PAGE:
In FY 1999, banks appeared through the first half of the fiscal year to be on track to lower their bad-loan costs (see JEI Report No. 46B, December 10, 1999). However, they suffered setbacks during the October 1999-March 2000 period, when some big customers went bankrupt (such as retailer Nagasakiya Co., Ltd.) or petitioned lenders for debt forgiveness (department store operator Sogo Co., Ltd., for one). Until a recovery takes firm hold, experts warn, lenders will continue to be hit with unexpected failures, such as the recent collapse of Life Co., Ltd., a consumer-credit company with nearly ¥970 billion ($8.8 billion) in debts.

Another potential problem that bankers are not discussing is the large number of golfing facilities that are bankrupt or nearly so. Built during the heady days of the late 1980s' "bubble economy," these clubs sold memberships at astronomical prices, con-vincing buyers that demand for memberships would continue to outstrip supply and equating the required noninterest-bearing deposits of dues to investments that would yield significant capital gains over their 10-year term. After a decade of stagnation, however, the value of most memberships has fallen in step with property prices. Many golf clubs are bankrupt or close to that point, making it unlikely that they will be able to pay back the rapidly growing number of investors who want to redeem their membership deposits. Having lent money to build the golf courses and extended credit to individuals for member-ships, banks will be on the losing end of this problem in two ways. With as much as several trillion yen involved, some analysts warn that this situation could mushroom into a major crisis.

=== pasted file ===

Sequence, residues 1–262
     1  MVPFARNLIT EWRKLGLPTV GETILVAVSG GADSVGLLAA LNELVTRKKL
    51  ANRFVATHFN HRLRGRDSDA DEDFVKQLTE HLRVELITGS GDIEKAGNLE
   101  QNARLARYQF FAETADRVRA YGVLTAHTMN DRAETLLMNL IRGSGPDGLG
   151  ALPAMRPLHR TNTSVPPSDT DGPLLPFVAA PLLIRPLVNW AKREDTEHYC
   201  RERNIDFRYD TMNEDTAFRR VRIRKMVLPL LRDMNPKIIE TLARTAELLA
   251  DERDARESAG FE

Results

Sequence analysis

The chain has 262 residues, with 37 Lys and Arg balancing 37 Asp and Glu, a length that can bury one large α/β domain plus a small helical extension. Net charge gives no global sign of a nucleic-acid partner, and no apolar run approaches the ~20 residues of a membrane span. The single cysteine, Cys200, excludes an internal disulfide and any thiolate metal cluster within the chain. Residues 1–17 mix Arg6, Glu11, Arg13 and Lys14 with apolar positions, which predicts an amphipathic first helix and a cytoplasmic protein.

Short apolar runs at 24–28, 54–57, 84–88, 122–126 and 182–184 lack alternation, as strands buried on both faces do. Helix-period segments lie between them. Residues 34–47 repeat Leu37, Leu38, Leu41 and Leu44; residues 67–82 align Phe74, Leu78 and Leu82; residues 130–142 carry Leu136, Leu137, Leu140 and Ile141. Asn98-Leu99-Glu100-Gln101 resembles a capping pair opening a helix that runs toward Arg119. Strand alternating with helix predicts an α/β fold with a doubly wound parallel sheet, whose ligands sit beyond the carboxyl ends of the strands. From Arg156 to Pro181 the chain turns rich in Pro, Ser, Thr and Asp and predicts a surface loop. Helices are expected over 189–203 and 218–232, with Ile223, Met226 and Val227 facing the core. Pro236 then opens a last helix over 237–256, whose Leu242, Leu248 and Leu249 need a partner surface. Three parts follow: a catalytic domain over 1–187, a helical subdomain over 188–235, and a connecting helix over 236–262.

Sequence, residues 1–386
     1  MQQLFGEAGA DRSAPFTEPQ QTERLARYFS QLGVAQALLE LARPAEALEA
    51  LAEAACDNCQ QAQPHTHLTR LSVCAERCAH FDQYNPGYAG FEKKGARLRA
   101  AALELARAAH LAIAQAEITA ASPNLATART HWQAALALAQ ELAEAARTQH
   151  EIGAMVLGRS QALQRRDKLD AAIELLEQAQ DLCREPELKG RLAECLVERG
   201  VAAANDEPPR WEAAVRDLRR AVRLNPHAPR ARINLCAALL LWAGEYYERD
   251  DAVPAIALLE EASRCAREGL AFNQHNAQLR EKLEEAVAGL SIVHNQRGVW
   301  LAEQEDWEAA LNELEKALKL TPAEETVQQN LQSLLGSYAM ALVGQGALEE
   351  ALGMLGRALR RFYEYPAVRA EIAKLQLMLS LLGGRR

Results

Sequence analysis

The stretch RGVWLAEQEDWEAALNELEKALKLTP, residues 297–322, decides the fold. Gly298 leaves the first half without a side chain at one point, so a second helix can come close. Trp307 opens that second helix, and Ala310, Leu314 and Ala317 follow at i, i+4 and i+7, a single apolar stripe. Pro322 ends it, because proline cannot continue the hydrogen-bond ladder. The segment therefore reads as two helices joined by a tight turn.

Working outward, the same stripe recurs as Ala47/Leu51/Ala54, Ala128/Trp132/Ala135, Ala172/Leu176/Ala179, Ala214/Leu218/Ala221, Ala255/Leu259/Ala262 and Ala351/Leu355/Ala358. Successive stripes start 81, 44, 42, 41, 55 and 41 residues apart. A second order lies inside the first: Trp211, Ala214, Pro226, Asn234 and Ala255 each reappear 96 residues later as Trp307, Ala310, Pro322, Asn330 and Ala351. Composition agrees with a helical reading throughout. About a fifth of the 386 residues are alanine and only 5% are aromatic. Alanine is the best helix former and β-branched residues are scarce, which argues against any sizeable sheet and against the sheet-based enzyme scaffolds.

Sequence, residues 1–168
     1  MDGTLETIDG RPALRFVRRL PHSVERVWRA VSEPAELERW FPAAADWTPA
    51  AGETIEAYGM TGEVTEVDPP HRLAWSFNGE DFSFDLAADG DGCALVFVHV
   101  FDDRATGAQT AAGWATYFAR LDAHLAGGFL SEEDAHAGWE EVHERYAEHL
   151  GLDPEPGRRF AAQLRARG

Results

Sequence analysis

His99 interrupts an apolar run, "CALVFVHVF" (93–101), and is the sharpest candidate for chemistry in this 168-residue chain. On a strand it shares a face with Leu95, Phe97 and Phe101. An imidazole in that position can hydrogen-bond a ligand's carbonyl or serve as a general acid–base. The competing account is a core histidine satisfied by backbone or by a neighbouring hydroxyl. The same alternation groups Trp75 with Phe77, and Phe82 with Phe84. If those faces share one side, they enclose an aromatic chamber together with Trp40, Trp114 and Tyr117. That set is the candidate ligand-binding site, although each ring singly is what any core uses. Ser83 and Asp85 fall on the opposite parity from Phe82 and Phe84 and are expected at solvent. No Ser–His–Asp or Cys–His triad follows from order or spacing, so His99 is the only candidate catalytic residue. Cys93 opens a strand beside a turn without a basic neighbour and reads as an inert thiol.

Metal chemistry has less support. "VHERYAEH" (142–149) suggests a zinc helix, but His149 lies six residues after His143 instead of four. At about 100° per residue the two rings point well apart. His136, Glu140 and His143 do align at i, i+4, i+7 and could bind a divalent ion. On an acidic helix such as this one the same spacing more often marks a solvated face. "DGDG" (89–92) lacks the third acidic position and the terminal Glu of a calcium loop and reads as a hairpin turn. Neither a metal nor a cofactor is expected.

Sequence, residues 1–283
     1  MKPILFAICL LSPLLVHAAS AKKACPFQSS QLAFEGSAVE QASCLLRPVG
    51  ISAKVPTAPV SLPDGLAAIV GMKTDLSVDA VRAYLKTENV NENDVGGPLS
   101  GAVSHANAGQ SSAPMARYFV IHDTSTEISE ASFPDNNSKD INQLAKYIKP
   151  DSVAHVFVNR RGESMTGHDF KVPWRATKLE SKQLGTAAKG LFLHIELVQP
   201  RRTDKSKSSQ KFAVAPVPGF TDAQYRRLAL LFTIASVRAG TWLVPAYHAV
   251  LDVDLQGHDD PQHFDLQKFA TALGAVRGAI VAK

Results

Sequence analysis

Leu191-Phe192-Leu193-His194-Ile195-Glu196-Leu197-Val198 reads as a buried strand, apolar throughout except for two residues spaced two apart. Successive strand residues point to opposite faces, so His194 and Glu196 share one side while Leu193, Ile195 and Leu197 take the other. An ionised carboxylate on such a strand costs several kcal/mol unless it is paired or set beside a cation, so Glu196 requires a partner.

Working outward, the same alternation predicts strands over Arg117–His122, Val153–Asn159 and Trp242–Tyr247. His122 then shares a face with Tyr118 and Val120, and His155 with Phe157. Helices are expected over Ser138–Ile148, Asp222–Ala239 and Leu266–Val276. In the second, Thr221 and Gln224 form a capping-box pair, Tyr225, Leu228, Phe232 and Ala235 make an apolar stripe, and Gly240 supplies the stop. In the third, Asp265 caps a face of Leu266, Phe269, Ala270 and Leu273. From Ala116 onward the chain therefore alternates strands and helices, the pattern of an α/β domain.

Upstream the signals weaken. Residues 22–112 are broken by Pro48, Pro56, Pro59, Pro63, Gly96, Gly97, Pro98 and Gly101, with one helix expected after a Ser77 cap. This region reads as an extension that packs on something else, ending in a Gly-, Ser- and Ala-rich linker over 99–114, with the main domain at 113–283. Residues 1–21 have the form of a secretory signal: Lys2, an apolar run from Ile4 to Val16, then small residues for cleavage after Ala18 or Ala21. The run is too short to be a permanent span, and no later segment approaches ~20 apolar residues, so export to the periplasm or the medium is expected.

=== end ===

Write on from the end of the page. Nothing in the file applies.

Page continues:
Observers also dis-parage the role of stock portfolio gains in banks' FY 1999 results. Since March 31, Japanese equity prices have taken a beating. For example, the benchmark Nikkei average of 225 shares traded on the first section of the Tokyo Stock Exchange is off more than 20 percent from its FY 1999 close. If banks had to use today's market prices to value their portfolios, analysts say that their bottom lines would look very different.

In preparation for the mergers and combinations planned by most of Japan's top banks, analysts have rearranged the business results of individual institutions to obtain some idea of the pending groups' potential performances. A clear picture is elusive, however, because the scenarios vary in their details. Leading business daily Nihon Keizai Shimbun estimates, for example, that the Mizuho Financial Group — the proposed union of Industrial Bank of Japan, Dai-Ichi Kangyo Bank, Ltd., Fuji Bank and Toyo Trust & Banking — would have had a 3.7 percent return on equity in FY 1999. Japan's business and technology newspaper, Nikkan Kogyo Shimbun, and the daily Asahi Shimbun, in contrast, come up with a return on equity of 4.2 percent for what will be the world's largest bank.

Another measure bandied about is net operating income per employee. While the estimates vary, there seems to be general agreement that the Mizuho Financial Group would rank first by this measure, followed by Sumitomo Mitsui Banking Corp., the Mitsubishi Tokyo Financial Group and the Sanwa/Tokai/ Asahi Group.

The business sense of these groupings and their potential impact are subjects of active debate. Two questions are of greatest interest. First, will the proposed combinations yield the economies and the synergies claimed by the participants? Observers point out that some proposed groups are having trouble focusing and developing a clear leadership structure, leaving them open to criticism that they lack a precise and viable business plan.

How to figure exactly when the claimed merger benefits will be realized is another point of contention. Most analysts think that it will be some time before cost savings can be achieved since tough decisions about reducing staff, streamlining branches, unifying computer systems and combining operations are not likely to be made swiftly. Others are even more pessimistic, pointing out that vestiges of the two banks that merged to form Dai-Ichi Kangyo Bank in 1971 still exist, adding to costs and reducing efficiency.

Not everyone agrees that the proposed groupings will give Japanese banks a leg up in a business that is becoming fully globalized. Bigger, many analysts say, is not necessarily better.

The views expressed in this report are those of the author
and do not necessarily represent those of the Japan Economic Institute